High red cell distribution width (RDW) values have been associated with increased hospital mortality in critically ill patients, but few data are available for subarachnoid hemorrhage (SAH).Methods:
We analyzed an institutional database of adult (>18 y) patients admitted to the Department of Intensive Care after nontraumatic SAH between January 2011 and May 2016. RDW (normal value, 10.9% to 13.4%) was obtained daily from admission for a maximum of 7 days, from routine blood analysis. We recorded the occurrence of delayed cerebral ischemia (DCI), and neurological outcome (assessed using the Glasgow Outcome Scale [GOS]) at 3 months.Results:
A total of 270 patients were included (median age 54 y—121/270 male [45%]), of whom 96 (36%) developed DCI and 109 (40%) had an unfavorable neurological outcome (GOS, 1 to 3). The median RDW on admission was 13.8 [13.3 to 14.5]% and the highest value during the intensive care unit (ICU) stay 14.2 [13.6 to 14.8]%. The RDW was high (>13.4%) in 177 patients (66%) on admission and in 217 (80%) at any time during the ICU stay. Patients with a high RDW on admission were more likely to have an unfavorable neurological outcome. In multivariable regression analysis, older age, a high WFNS grade on admission, presence of DCI or intracranial hypertension, previous neurological disease, vasopressor therapy and a high RDW (OR, 1.1618 [95% CI, 1.213-2.158]; P=0.001) during the ICU stay were independent predictors of unfavorable neurological outcome.Conclusions:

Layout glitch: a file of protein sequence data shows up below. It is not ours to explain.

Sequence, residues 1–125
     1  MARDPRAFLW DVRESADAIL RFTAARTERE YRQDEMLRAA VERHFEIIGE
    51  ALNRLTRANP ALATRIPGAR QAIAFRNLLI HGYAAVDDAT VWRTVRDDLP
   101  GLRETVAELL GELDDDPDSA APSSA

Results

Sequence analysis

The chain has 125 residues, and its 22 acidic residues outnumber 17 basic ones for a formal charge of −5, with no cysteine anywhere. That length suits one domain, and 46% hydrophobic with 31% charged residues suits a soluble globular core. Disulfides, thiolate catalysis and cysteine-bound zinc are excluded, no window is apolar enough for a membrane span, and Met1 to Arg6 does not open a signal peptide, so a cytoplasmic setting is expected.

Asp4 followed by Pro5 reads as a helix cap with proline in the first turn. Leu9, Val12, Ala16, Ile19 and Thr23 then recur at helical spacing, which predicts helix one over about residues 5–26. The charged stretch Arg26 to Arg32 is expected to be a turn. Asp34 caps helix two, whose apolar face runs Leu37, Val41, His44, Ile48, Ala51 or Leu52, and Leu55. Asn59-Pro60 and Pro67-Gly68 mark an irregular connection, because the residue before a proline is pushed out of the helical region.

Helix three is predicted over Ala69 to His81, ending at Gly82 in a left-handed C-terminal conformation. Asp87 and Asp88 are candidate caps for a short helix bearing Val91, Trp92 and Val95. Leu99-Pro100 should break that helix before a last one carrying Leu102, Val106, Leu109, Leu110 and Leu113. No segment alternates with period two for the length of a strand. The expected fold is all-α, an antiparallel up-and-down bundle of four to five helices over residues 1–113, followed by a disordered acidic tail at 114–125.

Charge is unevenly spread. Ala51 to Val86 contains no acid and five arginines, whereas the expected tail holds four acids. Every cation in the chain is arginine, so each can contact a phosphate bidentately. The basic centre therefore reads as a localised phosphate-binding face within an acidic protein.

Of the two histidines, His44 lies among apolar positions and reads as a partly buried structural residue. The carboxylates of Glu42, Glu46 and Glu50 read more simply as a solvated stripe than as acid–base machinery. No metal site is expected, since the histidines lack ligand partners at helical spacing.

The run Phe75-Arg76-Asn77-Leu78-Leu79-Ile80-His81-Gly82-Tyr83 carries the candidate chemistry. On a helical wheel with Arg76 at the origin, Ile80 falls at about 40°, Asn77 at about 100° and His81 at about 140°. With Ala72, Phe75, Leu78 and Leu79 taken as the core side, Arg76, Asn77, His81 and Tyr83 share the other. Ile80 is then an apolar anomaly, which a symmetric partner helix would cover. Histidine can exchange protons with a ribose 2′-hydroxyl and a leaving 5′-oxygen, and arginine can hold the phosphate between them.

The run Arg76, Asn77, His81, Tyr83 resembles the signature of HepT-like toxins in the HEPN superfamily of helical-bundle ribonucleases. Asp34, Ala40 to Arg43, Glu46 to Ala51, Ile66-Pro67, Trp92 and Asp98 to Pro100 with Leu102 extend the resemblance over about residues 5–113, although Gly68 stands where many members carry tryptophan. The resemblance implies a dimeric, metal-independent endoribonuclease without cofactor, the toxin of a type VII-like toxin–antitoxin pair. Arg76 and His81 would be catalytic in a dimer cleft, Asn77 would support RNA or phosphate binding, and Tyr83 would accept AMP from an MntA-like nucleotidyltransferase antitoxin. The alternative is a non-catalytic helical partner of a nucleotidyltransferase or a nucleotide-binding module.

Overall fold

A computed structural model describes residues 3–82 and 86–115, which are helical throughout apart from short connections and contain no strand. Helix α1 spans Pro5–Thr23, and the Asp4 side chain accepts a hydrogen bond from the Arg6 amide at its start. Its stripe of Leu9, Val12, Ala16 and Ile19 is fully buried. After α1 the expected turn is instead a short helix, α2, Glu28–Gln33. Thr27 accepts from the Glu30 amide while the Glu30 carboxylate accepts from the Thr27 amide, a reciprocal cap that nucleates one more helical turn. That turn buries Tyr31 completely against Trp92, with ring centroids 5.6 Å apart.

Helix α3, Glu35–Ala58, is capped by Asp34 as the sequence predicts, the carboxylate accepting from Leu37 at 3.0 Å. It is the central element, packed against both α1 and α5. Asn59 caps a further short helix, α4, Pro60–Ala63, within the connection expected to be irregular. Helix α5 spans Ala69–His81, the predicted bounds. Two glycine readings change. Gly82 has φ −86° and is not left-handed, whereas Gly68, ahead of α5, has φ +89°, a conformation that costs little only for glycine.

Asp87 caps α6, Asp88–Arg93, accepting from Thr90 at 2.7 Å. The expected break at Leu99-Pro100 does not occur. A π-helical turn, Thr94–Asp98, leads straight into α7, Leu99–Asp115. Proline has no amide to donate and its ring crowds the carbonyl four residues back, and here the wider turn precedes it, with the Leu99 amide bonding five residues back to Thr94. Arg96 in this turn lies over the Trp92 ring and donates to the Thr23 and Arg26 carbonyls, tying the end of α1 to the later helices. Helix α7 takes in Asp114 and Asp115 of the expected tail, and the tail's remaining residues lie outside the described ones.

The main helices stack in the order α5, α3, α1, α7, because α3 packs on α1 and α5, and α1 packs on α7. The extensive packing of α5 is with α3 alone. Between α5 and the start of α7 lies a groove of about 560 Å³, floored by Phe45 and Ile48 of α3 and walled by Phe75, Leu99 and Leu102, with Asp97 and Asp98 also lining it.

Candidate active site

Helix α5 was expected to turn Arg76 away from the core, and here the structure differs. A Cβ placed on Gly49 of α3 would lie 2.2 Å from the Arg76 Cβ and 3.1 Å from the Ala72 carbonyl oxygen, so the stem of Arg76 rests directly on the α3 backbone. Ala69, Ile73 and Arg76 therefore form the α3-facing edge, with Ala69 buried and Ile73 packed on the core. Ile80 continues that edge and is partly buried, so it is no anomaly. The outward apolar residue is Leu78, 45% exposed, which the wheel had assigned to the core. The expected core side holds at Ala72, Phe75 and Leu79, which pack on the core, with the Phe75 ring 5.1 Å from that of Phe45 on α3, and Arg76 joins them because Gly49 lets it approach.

High RDW values were more likely to result in an unfavorable outcome after SAH. This information could help in the stratification of SAH patients already on ICU admission.